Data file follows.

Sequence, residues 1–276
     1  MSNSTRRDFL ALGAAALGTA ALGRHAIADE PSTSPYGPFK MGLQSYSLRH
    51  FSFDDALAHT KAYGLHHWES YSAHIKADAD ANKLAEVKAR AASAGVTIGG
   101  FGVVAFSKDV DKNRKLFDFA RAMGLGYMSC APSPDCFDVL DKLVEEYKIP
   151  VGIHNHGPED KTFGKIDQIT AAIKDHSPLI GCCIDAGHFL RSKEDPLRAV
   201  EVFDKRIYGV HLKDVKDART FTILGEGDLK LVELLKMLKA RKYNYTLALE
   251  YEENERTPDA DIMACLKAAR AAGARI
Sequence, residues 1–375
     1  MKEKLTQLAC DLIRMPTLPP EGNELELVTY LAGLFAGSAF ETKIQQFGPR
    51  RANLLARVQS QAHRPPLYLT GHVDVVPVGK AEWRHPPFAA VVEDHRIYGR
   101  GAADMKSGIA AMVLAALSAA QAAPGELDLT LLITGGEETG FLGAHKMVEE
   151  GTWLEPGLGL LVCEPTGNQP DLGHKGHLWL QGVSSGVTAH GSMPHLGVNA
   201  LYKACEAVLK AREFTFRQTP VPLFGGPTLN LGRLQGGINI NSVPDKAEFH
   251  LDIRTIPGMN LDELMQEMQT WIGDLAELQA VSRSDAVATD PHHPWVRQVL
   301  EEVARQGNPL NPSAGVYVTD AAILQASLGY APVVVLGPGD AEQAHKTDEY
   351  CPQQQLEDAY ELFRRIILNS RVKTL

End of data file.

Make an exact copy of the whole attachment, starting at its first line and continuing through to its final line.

Sequence, residues 1–276
     1  MSNSTRRDFL ALGAAALGTA ALGRHAIADE PSTSPYGPFK MGLQSYSLRH
    51  FSFDDALAHT KAYGLHHWES YSAHIKADAD ANKLAEVKAR AASAGVTIGG
   101  FGVVAFSKDV DKNRKLFDFA RAMGLGYMSC APSPDCFDVL DKLVEEYKIP
   151  VGIHNHGPED KTFGKIDQIT AAIKDHSPLI GCCIDAGHFL RSKEDPLRAV
   201  EVFDKRIYGV HLKDVKDART FTILGEGDLK LVELLKMLKA RKYNYTLALE
   251  YEENERTPDA DIMACLKAAR AAGARI
Sequence, residues 1–375
     1  MKEKLTQLAC DLIRMPTLPP EGNELELVTY LAGLFAGSAF ETKIQQFGPR
    51  RANLLARVQS QAHRPPLYLT GHVDVVPVGK AEWRHPPFAA VVEDHRIYGR
   101  GAADMKSGIA AMVLAALSAA QAAPGELDLT LLITGGEETG FLGAHKMVEE
   151  GTWLEPGLGL LVCEPTGNQP DLGHKGHLWL QGVSSGVTAH GSMPHLGVNA
   201  LYKACEAVLK AREFTFRQTP VPLFGGPTLN LGRLQGGINI NSVPDKAEFH
   251  LDIRTIPGMN LDELMQEMQT WIGDLAELQA VSRSDAVATD PHHPWVRQVL
   301  EEVARQGNPL NPSAGVYVTD AAILQASLGY APVVVLGPGD AEQAHKTDEY
   351  CPQQQLEDAY ELFRRIILNS RVKTL